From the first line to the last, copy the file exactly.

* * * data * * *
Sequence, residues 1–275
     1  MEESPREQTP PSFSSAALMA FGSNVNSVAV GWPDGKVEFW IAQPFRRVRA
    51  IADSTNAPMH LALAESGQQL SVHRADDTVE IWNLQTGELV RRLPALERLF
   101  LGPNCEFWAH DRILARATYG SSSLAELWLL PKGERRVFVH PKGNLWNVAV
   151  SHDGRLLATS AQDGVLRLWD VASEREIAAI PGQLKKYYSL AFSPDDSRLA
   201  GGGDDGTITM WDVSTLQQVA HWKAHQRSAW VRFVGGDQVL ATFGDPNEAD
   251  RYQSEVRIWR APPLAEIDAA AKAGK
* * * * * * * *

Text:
Sequence, residues 1–275
     1  MEESPREQTP PSFSSAALMA FGSNVNSVAV GWPDGKVEFW IAQPFRRVRA
    51  IADSTNAPMH LALAESGQQL SVHRADDTVE IWNLQTGELV RRLPALERLF
   101  LGPNCEFWAH DRILARATYG SSSLAELWLL PKGERRVFVH PKGNLWNVAV
   151  SHDGRLLATS AQDGVLRLWD VASEREIAAI PGQLKKYYSL AFSPDDSRLA
   201  GGGDDGTITM WDVSTLQQVA HWKAHQRSAW VRFVGGDQVL ATFGDPNEAD
   251  RYQSEVRIWR APPLAEIDAA AKAGK